“The higher powers had made it the law of the land that the Cherokee must be ‘civilized’ or be taken from their home.”
“Before Christianity, the Cherokee celebrated being a matriarchal and matrilineal society. Women were the head of the household, but Christianity positioned men at the top.”
“The traditional Cherokee way of life was uprooted, along with the gender roles that had allowed women to have a presence equal to that of men.”
“I noticed he didn’t have the hands of a poor man nor the invisibility of one neither.”
“Jack-o’-lanterns out on porches quick to greet me with a smile and triangle eyes. Grocery store candy rustling in bags while crips leaves blow past the rake of the old man too weary to pile them. A single purple scarf carried by the wind down a dirt lane and a crow of no name flying overhead. This is October to me. A conquering circle of autumnal shadows, ghosts, and mothers.”
“There. are no small wars between girls. Everything is as epic as two wild birds sparring over the last worm.”
“Don’t need to sit in a pew to get the word of creation,” Dad would say. “All ya have to do is walk the hills to know there’s somethin’ bigger. A tree preaches better than any man can.”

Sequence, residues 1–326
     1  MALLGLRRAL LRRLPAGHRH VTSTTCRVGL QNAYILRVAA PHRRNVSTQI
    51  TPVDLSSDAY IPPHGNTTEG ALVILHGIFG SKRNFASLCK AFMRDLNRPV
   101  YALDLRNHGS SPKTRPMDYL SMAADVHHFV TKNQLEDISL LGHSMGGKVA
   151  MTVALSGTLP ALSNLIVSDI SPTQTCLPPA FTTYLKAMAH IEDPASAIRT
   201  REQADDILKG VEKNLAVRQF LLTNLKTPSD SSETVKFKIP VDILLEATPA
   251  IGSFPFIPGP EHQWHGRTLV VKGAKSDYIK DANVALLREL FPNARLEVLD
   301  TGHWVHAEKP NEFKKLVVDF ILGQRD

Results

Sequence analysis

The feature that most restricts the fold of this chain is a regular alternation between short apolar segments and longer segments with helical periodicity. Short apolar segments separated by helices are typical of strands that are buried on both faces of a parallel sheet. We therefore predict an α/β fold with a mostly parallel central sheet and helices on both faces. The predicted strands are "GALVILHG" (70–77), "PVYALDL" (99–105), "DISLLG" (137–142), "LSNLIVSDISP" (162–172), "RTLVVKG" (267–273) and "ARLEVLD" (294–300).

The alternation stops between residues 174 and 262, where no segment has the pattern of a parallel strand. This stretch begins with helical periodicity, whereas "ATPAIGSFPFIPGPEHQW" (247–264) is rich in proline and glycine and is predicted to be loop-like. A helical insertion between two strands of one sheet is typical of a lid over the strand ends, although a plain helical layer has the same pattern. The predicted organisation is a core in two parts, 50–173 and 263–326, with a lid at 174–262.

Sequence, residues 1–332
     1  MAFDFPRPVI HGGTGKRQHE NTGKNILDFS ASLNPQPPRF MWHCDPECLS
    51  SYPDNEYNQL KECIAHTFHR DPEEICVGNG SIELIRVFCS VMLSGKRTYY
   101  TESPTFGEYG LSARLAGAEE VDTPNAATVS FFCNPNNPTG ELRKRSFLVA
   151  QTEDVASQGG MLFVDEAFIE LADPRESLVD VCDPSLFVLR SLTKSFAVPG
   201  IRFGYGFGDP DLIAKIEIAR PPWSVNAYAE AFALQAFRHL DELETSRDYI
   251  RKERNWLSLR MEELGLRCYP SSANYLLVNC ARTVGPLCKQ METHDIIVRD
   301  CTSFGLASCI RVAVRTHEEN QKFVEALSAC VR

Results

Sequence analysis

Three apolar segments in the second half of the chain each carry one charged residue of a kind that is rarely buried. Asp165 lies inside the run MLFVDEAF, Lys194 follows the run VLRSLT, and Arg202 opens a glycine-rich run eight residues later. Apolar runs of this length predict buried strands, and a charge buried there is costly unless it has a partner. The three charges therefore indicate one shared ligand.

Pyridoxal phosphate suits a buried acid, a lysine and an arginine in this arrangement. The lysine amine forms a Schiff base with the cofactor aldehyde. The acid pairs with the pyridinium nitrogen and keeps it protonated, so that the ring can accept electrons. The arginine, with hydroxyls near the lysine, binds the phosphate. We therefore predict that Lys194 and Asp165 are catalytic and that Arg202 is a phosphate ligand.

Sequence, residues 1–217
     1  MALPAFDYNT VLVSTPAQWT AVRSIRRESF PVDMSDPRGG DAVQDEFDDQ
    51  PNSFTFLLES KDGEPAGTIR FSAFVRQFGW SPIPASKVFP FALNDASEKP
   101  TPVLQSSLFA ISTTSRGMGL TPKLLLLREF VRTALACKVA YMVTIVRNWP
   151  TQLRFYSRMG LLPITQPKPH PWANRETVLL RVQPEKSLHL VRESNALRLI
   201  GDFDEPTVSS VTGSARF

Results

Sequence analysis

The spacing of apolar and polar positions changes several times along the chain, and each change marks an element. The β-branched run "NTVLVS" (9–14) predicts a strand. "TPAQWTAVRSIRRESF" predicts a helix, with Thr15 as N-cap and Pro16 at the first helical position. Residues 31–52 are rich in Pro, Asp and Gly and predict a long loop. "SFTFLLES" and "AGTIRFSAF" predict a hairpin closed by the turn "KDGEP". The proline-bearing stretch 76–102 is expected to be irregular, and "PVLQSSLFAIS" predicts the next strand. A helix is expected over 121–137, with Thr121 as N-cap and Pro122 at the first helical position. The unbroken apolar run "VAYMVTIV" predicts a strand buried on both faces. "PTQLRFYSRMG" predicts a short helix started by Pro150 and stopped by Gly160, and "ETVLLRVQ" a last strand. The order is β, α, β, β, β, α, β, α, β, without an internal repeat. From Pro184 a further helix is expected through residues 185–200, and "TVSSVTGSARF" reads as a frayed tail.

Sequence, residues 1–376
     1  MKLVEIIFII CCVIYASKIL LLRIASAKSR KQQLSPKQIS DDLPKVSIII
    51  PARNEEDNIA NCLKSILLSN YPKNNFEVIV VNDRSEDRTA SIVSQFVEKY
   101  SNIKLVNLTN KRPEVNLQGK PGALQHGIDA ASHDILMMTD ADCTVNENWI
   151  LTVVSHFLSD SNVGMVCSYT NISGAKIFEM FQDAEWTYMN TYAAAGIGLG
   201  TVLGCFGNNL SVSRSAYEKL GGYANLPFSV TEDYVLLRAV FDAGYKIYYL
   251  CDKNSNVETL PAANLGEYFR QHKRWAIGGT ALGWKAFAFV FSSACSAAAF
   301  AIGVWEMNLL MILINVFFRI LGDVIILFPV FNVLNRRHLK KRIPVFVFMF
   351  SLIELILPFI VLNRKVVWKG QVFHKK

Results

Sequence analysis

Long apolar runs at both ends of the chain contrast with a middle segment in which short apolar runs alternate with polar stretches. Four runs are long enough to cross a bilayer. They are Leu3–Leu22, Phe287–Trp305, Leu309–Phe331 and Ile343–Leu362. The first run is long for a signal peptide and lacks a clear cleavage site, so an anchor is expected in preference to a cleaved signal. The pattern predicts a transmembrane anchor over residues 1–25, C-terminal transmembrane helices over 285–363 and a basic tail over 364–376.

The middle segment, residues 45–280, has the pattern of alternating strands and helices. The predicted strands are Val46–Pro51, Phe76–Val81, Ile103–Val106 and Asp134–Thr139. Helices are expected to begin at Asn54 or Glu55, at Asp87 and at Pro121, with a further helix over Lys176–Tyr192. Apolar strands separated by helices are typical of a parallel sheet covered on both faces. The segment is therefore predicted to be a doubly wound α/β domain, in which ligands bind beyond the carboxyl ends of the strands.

“No wonder a woman is mostly anger,” Fraya said, staring at the dress in her hands. “There’s no room for happiness. Not after they get done with us.”
“You know what the heaviest thing in the world is, Betty? It’s a man on top of you when you don’t want him to be.”
“As girls, we were deemed not to be able to make our own decisions.”
“She danced like a wolf with a secret.”
“Stars don’t exist for us. Somewhere there is a world that we’re the insects to. Someone in that world has caught us. This planet we call home is really just a jar they keep us in. A big jar to us, but a small jar to them. Those lights are our airholes showin’ through to the light of the world we are too small for. I’m pokin’ more airholes for us to breathe. Sometimes I think we’re all gonna suffocate.”
“Listening to Cotton and the others, I knew what my father did not know when he was alive. That he was more than a filler. He was a lifetime of wildflower fields.”
“A girl comes of age against the knife, Betty. … But the woman she becomes must decide if the blade will cut deep enough to rip her apart or if she will find the strength to leap with her arms out and dare herself to fly in a world that seems to break like glass around her. May you have the strength.”